Orange Almond Crisps are hands down my favorite cookie (except for Coconut Meringues). Fancy people call this type of cookie a “Florentine” after Florence, Italy where they were first made – and thanks to them for that. To me they’re crispy so I call them crisps. (And yes I know that the featured picture above looks like a giant pile of toasted almonds but take my word for it, it’s about four cookies.) Florentines are the minimalist apotheosis of the flavored toasted nut as opposed to the gooey sugar bomb that is a praline.
What you need
If you’re making anything requiring a lot of egg yolks make this after you’re done and the crisps will be what we call “lagniappe,” which is Cajun French for “something extra.” Plus they freeze. Plus they rock with vanilla ice cream. Plus they are great with coffee. Plus they crumble beautifully making it possible to eat them with fingers you’ve licked for just that purpose. Eaten this way they’re trail mix for hipsters and socialites, maybe even socialists!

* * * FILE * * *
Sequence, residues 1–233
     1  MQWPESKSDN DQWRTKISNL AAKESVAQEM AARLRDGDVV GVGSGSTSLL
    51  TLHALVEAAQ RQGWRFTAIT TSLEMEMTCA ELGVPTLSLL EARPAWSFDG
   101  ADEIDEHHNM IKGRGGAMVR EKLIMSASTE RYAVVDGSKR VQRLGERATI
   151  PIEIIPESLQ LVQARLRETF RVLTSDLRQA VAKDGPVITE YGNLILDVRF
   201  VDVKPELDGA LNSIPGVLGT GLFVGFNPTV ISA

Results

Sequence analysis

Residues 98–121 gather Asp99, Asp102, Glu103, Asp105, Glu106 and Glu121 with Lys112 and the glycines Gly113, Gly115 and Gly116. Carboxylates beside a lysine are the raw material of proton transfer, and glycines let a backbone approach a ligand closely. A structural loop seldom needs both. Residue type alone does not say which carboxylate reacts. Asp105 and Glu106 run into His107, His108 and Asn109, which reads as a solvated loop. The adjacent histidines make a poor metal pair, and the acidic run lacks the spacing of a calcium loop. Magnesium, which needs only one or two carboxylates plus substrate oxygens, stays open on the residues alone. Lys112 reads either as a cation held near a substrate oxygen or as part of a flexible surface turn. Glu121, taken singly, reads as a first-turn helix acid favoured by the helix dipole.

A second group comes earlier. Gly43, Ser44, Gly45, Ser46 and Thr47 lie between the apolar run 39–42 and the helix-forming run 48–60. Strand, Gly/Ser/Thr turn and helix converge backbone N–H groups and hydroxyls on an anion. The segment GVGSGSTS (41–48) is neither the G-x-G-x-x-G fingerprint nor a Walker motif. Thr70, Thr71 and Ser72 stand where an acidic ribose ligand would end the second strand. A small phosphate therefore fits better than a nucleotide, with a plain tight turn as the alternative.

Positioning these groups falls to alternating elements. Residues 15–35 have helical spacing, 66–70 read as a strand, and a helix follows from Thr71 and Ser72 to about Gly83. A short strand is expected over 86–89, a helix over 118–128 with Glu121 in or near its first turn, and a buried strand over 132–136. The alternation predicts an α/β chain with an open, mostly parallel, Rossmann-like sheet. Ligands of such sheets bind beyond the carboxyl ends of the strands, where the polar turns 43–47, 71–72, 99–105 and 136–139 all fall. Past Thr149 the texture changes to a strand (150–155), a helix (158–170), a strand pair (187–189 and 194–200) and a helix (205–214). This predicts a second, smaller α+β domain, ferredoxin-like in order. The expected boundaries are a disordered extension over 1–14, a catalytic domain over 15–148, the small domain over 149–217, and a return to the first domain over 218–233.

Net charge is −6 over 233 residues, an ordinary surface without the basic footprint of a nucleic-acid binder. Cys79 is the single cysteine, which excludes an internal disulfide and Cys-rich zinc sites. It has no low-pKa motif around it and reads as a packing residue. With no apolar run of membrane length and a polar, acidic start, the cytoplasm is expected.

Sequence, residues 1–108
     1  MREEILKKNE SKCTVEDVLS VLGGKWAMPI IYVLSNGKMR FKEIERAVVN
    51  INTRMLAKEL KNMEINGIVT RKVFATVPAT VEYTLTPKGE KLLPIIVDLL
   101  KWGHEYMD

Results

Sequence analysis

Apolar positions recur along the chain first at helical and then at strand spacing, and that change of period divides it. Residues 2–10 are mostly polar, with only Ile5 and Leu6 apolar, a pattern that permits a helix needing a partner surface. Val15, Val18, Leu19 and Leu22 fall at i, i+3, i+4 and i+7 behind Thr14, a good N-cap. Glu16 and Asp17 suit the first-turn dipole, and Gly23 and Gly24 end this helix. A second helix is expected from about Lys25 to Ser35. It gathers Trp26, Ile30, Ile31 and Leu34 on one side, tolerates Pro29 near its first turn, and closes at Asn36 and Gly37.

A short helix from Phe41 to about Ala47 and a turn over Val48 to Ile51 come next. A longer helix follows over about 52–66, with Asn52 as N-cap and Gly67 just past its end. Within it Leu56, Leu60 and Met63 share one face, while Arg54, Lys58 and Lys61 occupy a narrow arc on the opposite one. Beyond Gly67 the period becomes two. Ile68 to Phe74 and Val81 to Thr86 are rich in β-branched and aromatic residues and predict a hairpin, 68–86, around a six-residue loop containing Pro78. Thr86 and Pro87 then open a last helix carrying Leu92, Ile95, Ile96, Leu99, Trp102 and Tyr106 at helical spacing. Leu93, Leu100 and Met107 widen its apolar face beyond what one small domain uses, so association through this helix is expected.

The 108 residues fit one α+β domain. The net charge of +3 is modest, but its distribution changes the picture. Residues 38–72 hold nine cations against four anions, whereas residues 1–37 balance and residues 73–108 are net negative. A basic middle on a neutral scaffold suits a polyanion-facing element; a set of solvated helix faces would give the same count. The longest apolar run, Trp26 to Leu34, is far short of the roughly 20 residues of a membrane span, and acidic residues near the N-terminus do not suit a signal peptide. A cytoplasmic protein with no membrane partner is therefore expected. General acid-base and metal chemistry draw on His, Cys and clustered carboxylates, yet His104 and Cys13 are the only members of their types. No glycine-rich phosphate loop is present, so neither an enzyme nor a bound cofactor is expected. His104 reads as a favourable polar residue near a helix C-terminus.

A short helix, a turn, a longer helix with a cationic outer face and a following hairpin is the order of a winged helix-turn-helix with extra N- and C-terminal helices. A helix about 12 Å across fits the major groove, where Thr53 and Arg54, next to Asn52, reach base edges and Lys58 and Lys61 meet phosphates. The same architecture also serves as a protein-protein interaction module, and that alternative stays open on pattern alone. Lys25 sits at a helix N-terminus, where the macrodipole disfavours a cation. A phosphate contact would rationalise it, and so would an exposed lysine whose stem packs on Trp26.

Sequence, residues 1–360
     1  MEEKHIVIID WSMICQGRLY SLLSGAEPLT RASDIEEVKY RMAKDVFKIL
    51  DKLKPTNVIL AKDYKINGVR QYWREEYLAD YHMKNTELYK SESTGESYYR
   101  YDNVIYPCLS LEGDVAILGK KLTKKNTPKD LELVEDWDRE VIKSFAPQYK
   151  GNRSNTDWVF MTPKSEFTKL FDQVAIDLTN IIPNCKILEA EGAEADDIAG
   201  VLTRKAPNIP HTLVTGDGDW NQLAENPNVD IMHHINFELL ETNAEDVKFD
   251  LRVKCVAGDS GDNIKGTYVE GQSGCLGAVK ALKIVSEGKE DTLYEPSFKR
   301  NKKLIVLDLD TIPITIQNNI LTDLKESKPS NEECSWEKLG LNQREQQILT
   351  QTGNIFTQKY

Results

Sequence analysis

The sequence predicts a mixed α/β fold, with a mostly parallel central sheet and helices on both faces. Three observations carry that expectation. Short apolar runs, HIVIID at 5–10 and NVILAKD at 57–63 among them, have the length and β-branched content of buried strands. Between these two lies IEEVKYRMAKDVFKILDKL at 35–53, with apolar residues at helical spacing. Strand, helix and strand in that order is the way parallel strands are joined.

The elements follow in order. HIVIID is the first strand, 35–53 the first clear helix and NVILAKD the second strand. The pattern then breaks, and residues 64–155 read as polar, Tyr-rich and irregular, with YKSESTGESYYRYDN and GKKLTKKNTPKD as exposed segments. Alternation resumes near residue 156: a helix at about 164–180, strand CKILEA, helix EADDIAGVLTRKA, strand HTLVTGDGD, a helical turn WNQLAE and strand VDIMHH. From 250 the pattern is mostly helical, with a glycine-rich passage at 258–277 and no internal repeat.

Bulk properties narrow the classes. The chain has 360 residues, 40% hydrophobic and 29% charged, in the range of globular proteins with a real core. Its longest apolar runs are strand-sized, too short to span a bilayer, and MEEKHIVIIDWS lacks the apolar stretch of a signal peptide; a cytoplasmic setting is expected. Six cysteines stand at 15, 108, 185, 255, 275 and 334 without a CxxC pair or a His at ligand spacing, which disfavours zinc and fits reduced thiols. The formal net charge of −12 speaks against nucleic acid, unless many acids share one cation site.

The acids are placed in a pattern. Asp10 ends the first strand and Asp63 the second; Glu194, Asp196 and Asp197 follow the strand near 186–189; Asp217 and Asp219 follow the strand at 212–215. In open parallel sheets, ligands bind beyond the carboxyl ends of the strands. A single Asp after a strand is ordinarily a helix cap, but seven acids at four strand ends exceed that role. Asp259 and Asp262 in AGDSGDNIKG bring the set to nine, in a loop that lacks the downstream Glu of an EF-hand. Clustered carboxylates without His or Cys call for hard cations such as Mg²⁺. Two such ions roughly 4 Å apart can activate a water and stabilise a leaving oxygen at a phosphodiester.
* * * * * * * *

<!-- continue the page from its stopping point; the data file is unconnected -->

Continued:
The egg whites and sugar are basically only glue to keep the almonds together and distribute the flavor of the orange rind and almond extract. When everything is mixed together it should look like the picture below, that is to say, mostly almonds.
Onto the cookie sheet & into the oven
So when they’re mixed, just brush some oil on the cookie sheet, drop them on, smooth them out a bit, slide ’em into the oven and fifteen minutes later or so you’re done.
And try them with this:
- Vegetable oil for brushing
- 2 egg whites
- grated zest of one orange
- ½ tsp. almond extract
- ⅔ cup powdered sugar
- 2¾ cup sliced almonds
- Preheat the oven to 300.
- Whisk sugar into egg whites until well combined.
- Grate orange into the mixture and stir. Add almond extract.
- Stir in almonds.
- Brush vegetable oil on a cookie sheet.
- Drop tablespoons of the mixture onto the cookie sheet.
- Flatten just a little with the back of an oiled spoon so the cookies will toast evenly.
- Cook until lightly brown, about 15 to 20 minutes.
You may also add a half teaspoon of orange flower water if you have it. It's a more delicate and nuanced form of orange than the rind.